40 Years in the Shadow of Three Mile Island

A 40-year anniversary is usually cause for jubilant celebration, of endearing reflection—unless you are staring down the 40th anniversary of the worst nuclear accident in United States’ history. Shortly after dawn broke over Dauphin County on March 28th, 1979, the mechanisms of what would eventually come to be known as the Three Mile Island disaster began to swirl. While morning migrated across the western Pennsylvania sky there had been silence—operators working, technicians’ eyes roving across display panels, the plant in the practiced motions of normal operations. Then, before most of the surrounding population had even lifted themselves from their beds, proverbial hell broke loose. A cacophony of alarm bells and sirens began screeching across the plant—down corridors, orange strobe lights oscillating through sleepy hallways and control rooms, rattling the startled brains of the only people on hand—four young operators armed with insufficient training and a rapidly deteriorating situation the likes of which they had never faced.

Curiously enough given the end result, the operators performed to the exact letter of their training—the problem was the training itself. The specific type of malady that befell the TMI 2 reactor that morning, a Loss of Coolant Accident (LOCA) and the one specific postulated accident that can breach two of the three safety barriers at a given plant (sealed fuel cladding, reactor core enclosed in the reactor coolant system [RCS], and the umbrella containment building), had not been accounted for in their training. The reason for this grossly negligent omission was the fault of the plant designer—Babcock & Wilcox (B&W). The base zero of the entire TMI disaster was a Pilot Operated Relief Valve (PORV) and the upstream PORV Block Valve, that was remained open after it should have been closed by the block valve. This occurred because the safety functions of the PORV was not taken into account, despite several previous valve failures at other B&W designed plants—this became a whirlwind problem when TMI initiated safety protocol and the PORV was not built for dual functions: normal operations and safety operations. LOCA’s had been incorporated into the designer’s safety analysis report submitted to and approved by the Nuclear Regulatory Commission, but as was horrifically revealed in the harrowing hours of mad, sweat-soaked scramble during that early morning light, the report was not wholly inclusive. NRC requirements dictate that all possible breaches to the RCS must be studied in the safety report, ranging from large double-ended breaks of piping down to the small-sized breaks in which the water coolant system can overcome with increased and maintained production. It was generally assumed that consequences of the large-break were more devastating than smaller breaks and so on down the spectrum—yet right after the point where the report ceased its analysis, the 0.1 sq ft mark, break behavior changed. Yes, small breaks were of less danger than large-scale breaks, but very small breaks reversed the trend and behaved in quick succession like the malice of larger breaks. Smaller breaks were not analyzed at all and because of this Three Mile Island was essentially a ticking time bomb—albeit, a wholly preventable one.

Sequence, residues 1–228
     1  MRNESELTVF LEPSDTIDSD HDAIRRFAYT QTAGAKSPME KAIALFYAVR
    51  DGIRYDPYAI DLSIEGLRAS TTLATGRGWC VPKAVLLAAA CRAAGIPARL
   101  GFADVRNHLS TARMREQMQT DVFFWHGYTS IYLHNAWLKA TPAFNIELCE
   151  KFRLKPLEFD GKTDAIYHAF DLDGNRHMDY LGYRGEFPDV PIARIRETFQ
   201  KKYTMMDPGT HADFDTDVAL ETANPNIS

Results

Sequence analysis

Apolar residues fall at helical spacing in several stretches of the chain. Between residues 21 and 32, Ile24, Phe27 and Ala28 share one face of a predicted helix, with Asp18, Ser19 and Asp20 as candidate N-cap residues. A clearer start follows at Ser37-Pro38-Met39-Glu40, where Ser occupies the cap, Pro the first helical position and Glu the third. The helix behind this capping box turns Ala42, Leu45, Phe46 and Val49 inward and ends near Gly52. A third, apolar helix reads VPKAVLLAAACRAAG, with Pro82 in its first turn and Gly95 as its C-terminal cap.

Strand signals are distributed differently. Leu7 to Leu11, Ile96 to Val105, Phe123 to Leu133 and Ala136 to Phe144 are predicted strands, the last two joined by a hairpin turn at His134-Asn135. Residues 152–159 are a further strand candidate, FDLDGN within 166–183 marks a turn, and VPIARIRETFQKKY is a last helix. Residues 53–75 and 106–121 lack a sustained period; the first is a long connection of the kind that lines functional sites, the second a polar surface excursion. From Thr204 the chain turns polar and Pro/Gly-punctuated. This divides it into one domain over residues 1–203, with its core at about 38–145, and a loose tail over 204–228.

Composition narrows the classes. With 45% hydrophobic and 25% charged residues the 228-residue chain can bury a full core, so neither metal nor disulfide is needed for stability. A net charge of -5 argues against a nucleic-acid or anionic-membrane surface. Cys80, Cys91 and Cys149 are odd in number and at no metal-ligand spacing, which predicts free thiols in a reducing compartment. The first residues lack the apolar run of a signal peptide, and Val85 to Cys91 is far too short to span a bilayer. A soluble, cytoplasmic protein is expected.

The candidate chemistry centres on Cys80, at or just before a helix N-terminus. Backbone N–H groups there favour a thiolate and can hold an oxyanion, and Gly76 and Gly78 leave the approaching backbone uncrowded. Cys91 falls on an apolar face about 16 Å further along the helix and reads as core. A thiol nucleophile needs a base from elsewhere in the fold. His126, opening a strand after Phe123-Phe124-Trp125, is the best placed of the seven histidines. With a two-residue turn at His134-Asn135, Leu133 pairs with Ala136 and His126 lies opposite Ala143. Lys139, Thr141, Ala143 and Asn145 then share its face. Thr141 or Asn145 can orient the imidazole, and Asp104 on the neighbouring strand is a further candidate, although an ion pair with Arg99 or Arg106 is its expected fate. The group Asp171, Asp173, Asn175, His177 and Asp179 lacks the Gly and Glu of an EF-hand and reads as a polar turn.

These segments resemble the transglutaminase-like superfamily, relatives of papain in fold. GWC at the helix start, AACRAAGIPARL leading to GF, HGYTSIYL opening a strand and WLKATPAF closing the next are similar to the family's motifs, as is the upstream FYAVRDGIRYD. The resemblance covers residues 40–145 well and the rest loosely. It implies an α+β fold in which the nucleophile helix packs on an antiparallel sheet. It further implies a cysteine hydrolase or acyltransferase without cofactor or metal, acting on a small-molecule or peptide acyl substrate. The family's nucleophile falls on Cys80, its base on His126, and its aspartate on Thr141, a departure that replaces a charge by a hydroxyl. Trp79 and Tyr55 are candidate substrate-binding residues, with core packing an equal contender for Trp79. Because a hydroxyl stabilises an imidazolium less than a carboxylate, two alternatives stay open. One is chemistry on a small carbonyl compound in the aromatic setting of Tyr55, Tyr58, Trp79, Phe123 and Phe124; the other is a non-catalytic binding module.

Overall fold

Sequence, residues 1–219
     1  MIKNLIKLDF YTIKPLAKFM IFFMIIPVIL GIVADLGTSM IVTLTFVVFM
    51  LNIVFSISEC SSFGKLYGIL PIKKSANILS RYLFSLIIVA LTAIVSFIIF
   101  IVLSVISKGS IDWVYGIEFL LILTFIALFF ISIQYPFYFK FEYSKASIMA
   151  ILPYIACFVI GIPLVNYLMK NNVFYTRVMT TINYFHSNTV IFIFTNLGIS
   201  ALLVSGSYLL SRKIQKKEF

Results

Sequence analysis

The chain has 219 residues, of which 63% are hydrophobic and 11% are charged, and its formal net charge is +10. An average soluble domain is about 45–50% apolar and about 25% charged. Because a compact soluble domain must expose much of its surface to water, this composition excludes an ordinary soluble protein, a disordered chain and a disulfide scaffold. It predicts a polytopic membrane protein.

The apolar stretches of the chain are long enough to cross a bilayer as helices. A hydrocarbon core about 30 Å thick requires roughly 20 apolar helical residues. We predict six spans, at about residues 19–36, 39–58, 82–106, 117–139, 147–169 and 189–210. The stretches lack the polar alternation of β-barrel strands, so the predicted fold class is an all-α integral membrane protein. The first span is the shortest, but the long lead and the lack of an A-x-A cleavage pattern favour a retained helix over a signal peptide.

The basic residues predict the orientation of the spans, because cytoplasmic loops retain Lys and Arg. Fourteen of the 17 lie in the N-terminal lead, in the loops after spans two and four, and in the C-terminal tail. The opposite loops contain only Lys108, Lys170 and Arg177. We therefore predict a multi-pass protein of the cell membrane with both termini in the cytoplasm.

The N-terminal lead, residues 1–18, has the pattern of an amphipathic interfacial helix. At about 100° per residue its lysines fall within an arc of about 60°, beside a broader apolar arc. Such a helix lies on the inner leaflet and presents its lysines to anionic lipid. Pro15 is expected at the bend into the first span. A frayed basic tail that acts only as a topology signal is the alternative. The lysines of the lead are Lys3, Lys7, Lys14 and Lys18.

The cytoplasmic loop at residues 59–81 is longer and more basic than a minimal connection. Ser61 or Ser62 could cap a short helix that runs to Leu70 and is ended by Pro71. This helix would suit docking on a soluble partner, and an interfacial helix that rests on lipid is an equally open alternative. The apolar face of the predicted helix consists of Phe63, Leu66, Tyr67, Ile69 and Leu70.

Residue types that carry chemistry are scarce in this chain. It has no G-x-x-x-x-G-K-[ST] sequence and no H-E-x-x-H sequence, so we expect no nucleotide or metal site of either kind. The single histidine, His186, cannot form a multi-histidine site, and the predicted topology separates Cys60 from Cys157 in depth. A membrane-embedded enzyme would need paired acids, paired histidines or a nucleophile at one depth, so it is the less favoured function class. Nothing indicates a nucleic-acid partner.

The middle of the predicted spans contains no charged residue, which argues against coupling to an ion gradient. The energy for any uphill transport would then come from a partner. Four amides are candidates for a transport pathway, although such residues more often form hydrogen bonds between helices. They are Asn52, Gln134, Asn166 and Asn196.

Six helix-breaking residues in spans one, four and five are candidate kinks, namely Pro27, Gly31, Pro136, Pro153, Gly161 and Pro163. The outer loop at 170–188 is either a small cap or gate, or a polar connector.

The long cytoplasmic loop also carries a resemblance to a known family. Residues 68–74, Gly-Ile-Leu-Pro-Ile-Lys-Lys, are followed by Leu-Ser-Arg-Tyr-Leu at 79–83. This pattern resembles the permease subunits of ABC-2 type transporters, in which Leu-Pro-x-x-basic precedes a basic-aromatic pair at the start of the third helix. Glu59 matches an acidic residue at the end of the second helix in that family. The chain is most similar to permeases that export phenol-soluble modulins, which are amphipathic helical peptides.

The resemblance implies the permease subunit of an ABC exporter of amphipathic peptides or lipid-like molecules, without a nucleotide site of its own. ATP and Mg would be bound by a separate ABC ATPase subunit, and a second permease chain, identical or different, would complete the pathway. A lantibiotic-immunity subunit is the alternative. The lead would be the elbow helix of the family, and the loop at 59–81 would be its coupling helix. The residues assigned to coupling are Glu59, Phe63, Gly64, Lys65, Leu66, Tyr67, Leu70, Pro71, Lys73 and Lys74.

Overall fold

For several days after that morning the nation sat in hallowed fear. Eyes roamed the western Pennsylvania sky for the nasty word hanging silently on all their lips, radiation. The invisible terror. Public support for nuclear energy disintegrated into flames and pitchforks—another nuclear power plant was never built again on U.S. soil. There were no deaths or horrific mutations to the surrounding environment, but the line was drawn and the curse had been cast. Nuclear became entrenched as ugly, dirty word. A harbinger of Armageddon. The idea that the world could be turned inside out in a second sank itself into the American psyche.

Now we have the New Green Deal rattling the death sword for nuclear energy. The industry’s coffin is being eagerly prepared by the new wave of young politicians. Yet ask any sane scientist, or anyone who’s honestly looked into the problem of clean energy, and you’ll get one unified answer: we need nuclear energy to foster a stable future. Energy spins the world and the world is spinning faster day by day.

Otek is spinning with it. Recently launching our pledge to help the nuclear industry evolve and thrive, we recognize the dire need for nuclear I&C rooms to digitize. The financial and feasible challenges of doing so are great, but the Otek technology has the potential to revolution the process. Our New Technology Meters (NTM), our Universal Panel Meter (UPM), and especially our cyber security exempt Solid State Analog Meter (SSAM), are designed specifically to combat NEI 08-09 regulation and the difficulties of efficiently replacing the obsolete analog meters that overpopulate too many of our nuclear power plants.

If you recognize the need to digitize and want to help the nuclear industry meet its gargantuan potential, please visit our website www.otekcorp.com for a complete purview of all our products, including the obsolescence hardened NTM, UPM, and SSAM. Our phones are always open at (520) 748-7900 and our sales team is waiting to assist you at sales@otekcorp.com.

March 28th, 1979. All these long years later—what have they brought us?